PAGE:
World's First Malaria Vaccine Launches In Sub-Saharan Africa

Apr 23, 2019
Originally published on April 23, 2019 10:05 pm


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Today health officials are making history. They're rolling out the first approved vaccine aimed at stopping a human parasite. It's for malaria — and the hopes are that one day the vaccine could save the lives of tens of thousands of children each year.

"This [rollout] is a massive success of the research community," says Dr. Pedro Alonso, who directs the Global Malaria Programme at the World Health Organization.

This vaccine — called RTS,S — is one of the few immunizations designed and launched specifically to help young children in Africa, says Deborah Atherly at PATH, a nonprofit that helped develop the immunization.

"It's a pro-poor vaccine, if you will," Atherly says. "I think that's also a really important milestone in vaccine development and introduction."

Malaria is still a top killer of children worldwide, but children in Africa are most affected. Every two minutes a child or baby there dies of the disease. Some children can have up to six bouts of malaria in just one year, says Dr. Mary Hamel of WHO.

The vaccine took more than 30 years — and more than $500 million — to develop. It was an international collaboration among WHO, PATH, the pharmaceutical company GlaxoSmithKline and a network of African countries. The Bill & Melinda Gates Foundation — which is a sponsor of NPR and this blog — is also a funder of the vaccine.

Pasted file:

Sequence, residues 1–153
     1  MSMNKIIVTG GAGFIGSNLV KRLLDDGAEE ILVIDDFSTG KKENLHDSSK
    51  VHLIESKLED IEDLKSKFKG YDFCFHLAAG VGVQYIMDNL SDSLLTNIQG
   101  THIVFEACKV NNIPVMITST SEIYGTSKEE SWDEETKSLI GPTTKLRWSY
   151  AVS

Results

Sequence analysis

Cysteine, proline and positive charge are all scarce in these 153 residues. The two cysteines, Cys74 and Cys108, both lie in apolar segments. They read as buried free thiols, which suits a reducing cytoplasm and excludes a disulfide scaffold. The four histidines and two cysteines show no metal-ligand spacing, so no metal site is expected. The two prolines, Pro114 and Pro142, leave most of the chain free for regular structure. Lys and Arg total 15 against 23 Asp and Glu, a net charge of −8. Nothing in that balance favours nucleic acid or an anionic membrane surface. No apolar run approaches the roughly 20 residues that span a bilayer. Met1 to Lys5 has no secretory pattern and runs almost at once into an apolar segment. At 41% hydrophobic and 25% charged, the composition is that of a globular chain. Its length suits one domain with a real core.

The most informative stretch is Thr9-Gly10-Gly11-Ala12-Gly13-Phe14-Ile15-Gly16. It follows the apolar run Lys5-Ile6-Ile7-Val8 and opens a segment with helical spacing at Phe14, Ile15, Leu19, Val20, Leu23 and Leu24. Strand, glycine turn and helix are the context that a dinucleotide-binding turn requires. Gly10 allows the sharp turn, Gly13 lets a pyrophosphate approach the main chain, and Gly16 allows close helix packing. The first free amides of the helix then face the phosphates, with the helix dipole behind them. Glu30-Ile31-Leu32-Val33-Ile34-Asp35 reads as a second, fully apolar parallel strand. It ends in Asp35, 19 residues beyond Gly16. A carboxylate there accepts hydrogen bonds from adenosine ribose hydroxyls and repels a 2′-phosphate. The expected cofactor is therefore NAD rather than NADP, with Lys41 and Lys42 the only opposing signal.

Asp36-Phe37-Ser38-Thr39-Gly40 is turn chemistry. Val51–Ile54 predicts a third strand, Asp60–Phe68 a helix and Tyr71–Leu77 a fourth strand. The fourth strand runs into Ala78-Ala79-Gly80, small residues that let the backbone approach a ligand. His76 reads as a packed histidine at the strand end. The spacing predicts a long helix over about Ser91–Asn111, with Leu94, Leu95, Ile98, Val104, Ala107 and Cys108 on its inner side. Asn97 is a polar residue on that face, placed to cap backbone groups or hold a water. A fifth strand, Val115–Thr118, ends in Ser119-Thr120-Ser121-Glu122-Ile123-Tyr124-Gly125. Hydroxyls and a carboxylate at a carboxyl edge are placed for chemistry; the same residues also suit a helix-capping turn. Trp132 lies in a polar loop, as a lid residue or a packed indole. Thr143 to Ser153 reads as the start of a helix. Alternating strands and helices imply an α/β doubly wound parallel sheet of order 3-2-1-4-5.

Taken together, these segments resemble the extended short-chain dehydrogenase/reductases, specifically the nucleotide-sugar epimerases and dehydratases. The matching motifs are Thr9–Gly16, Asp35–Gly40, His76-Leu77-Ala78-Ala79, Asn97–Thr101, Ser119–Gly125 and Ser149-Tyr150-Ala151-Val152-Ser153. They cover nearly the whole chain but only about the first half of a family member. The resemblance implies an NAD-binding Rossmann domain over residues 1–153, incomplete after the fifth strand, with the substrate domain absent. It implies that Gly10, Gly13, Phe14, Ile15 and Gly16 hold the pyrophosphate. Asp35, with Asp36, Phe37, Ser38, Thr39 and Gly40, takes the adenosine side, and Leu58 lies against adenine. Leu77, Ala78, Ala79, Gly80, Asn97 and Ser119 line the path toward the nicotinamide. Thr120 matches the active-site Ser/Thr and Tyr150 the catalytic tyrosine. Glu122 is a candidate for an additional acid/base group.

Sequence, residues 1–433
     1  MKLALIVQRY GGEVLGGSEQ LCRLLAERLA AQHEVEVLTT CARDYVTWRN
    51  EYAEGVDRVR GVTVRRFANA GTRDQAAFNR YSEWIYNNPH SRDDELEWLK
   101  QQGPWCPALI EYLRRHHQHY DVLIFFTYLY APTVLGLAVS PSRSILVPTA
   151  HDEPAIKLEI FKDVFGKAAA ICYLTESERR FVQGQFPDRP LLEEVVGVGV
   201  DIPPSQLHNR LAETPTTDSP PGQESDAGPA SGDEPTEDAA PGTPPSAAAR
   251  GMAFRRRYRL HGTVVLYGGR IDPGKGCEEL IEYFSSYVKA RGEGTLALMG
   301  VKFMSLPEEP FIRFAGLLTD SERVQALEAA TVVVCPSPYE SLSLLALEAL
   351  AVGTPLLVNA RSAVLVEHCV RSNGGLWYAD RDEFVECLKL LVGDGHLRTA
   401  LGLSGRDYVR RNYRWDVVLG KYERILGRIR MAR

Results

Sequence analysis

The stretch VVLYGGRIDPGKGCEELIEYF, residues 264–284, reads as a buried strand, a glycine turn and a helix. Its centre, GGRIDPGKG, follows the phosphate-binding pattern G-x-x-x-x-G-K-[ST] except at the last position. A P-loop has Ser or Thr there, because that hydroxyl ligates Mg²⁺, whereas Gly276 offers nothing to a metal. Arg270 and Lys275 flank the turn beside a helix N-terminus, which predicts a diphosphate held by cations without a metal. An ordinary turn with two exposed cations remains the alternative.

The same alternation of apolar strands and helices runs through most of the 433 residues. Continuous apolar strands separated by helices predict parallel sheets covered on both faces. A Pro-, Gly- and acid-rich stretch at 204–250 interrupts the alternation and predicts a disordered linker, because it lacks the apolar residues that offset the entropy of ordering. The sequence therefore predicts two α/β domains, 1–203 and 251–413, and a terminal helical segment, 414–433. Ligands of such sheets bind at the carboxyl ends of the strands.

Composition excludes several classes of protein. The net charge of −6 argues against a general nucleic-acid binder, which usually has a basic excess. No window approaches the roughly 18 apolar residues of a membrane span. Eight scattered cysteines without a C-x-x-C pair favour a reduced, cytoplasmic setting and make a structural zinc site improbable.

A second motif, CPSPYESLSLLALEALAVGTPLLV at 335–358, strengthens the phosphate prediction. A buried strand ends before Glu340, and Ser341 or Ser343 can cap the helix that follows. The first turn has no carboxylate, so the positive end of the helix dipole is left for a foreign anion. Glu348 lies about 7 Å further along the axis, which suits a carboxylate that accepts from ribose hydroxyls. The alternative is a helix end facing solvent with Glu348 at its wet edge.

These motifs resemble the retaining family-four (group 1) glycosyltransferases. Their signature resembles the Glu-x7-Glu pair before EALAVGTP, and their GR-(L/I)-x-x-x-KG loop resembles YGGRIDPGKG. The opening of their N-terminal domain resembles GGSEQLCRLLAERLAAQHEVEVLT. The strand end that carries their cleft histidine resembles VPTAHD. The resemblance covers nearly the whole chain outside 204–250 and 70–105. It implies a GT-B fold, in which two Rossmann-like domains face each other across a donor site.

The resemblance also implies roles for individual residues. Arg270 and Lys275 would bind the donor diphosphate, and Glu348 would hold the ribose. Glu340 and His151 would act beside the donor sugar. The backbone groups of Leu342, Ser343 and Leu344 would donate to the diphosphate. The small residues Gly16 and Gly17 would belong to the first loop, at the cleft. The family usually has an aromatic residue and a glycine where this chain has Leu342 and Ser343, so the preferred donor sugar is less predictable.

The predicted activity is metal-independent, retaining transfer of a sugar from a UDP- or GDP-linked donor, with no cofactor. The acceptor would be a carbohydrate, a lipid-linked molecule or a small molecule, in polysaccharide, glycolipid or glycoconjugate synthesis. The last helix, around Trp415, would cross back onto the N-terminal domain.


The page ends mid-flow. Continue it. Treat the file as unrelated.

On Tuesday, toddlers in Malawi started receiving the immunization. Then children in Ghana and Kenya will follow shortly. The goal is to vaccinate about 360,000 children in this large-scale pilot project. And then WHO will determine the best way to roll out the vaccine elsewhere, Atherly says.

The big question is: Will this vaccine work as well in the real world as it has in clinical trials, says epidemiologist William Moss, who directs the International Vaccine Access Center.

"The launch of the malaria vaccine is really a landmark," Moss says, "but the vaccine's efficacy is much lower than that for many of our other childhood vaccines."

In a large trial, the vaccine reduced the number of clinical malaria cases by about 40 percent and severe malaria cases by about 30 percent, Moss says. By comparison, some childhood vaccines offer more than 90 percent protection.

Parasites, such as malaria, are more complex than viruses and bacteria, Moss says. They can have more sophisticated machinery for evading our immune systems. So creating effective vaccines against them is quite challenging, he says.

Still, Moss thinks the vaccine could have a significant impact on children's health because malaria is so common in parts of sub-Saharan Africa. "There are estimates that one life would be saved for every 200 children who are vaccinated," he says.

Another issue with the vaccine is that children need four doses. That means four trips to a clinic — which could be tough for some families in rural areas, Moss says.

But PATH's Atherly thinks many families will want to make the extra trips.